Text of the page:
Thursday, 16 March 2017

MUSICAL TEELINE


Musical Teeline is a popular way of practising shorthand. I prefer those songs where lyrics are clear. To take account of both novices and the more advanced in speed, I have chosen two relatively slow songs - Amazing Grace by Judy Collins and Don't Explain by Billie Holliday. And just because it is a great song, it has graceful dancers in the video, and the lyrics come at you fast, the third choice is Sway by Dean Martin.

The shorthand is below each video for you to check your outlines. Remember that you can double up on some outlines if you find the first two songs too slow and you can hit pause to catch up if you struggle to keep up with any that you find too fast. Keep going with them until you can get each song down in one go. Then make sure you can transcribe your notes.






Monday, 23 January 2017

A NEW HOBBY



I am no artist and up until Christmas this year I had drawn only one sketch in my life which was done in art class about 1973 from a photograph taken of Penmaenmawr mountain after a holiday in Llanfairfechan, North Wales.

My skills may not have improved that much but thanks to my husband buying me a charcoal sketch set, I decided to have another go at drawing. The image above was my third attempt at capturing an image with a pencil. Copied from a black and white photo taken from the Italian Facebook page Cercami. The old photos posted up there showing history, poverty, humility and pride written in the faces and actions of the characters who didn't have much in their world but a life of hard work, landscapes, family and each other, make excellent practise pieces and interesting subject choices. It helps that there is no colour in the images because that is a harder challenge to face for a budding artist hobbyist like me.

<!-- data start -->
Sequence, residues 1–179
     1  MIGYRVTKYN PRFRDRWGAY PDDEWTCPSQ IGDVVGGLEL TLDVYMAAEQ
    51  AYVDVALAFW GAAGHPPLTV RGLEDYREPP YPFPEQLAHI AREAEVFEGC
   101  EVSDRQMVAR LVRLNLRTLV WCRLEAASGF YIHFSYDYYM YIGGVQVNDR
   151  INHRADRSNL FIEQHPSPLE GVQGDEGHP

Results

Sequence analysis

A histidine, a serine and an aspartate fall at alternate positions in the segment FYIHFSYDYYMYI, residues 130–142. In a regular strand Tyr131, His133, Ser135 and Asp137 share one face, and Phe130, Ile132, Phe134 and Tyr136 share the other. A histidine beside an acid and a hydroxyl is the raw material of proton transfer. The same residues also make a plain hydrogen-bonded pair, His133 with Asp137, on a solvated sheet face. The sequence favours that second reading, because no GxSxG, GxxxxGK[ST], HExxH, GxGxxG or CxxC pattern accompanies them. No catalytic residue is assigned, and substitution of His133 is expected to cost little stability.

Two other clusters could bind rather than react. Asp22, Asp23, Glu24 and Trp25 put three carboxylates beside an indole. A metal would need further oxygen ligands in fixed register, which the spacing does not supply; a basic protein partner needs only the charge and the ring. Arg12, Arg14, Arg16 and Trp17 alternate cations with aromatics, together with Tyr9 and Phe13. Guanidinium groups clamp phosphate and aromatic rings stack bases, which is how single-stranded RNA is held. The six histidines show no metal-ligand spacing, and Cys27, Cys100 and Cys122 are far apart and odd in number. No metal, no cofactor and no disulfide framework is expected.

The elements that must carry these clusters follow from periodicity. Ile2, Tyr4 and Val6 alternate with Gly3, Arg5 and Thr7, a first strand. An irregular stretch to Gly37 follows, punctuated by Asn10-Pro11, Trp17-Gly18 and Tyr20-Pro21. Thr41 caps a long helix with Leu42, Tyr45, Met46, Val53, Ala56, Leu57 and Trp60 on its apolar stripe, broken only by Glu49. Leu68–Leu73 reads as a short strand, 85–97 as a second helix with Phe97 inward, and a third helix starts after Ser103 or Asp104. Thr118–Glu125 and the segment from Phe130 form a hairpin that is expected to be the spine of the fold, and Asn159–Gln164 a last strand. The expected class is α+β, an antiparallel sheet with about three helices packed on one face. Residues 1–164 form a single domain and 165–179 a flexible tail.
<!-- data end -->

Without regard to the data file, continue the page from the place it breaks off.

The sketch, which I have called Homeward Bound, was also my first attempt at trying to draw a figure. You can see that I haven't quite managed to get the perspective right. My figure is smaller, fatter, and not quite placed correctly in the landscape, but as a first attempt, it isn't bad and with a little more work when I'm feeling more inspired, I think I could make it as realistic as it needs to be to satisfy my perfectionism. The landscape itself also needs a bit more shading but like writing, I've found my art work could always be improved and I am never quite content with the result. Space and time between written drafts always helps to clear the fog and help the mind see the bigger picture, while magnifying the smaller errors and imperfections. Perhaps that will work with a sketch too.


My second drawing in life was done from a photograph I had taken of Waddington Windmill on a snow day about five years ago. It was a lot easier because there was no vanishing point to work out and even though the original photograph is in colour, it was taken in the dusk, just before the sun went down fully, and has the feel of a monochrome picture because of the whiteness of the snow and the darkness of the landscape. I am relatively pleased with it although that perfectionist whispers in my ear that it feels more like the ruins of a old fort in Spain than a derelict windmill in the English countryside.



The image of Penmaenmawr mountain, viewed from Llanfairfechan Promenade, in that old art class shows that two sketches on, the skills needed for my hobby have improved a bit. The original photo it was drawn from has long since disappeared but last September, I went back for a visit and took another photo from almost the same spot. Perhaps I'll have another go at drawing the picture later in the year and add some colour, perhaps even just the rainbow that made a beautiful appearance that day. I'll also be taking my charcoal sketching set on my travels this summer and have a go at a landscape while sitting outside and looking at it.



By next Christmas, perhaps my husband will buy me a painting set, if I drop enough hints, and then I'll play about with colour and draw something like this challenging landscape scene of Manarola in the Cinque Terra, Italy. However, the sketching set will be put away for a while as real life and the intensity of real work follows now the long Christmas break is finally over.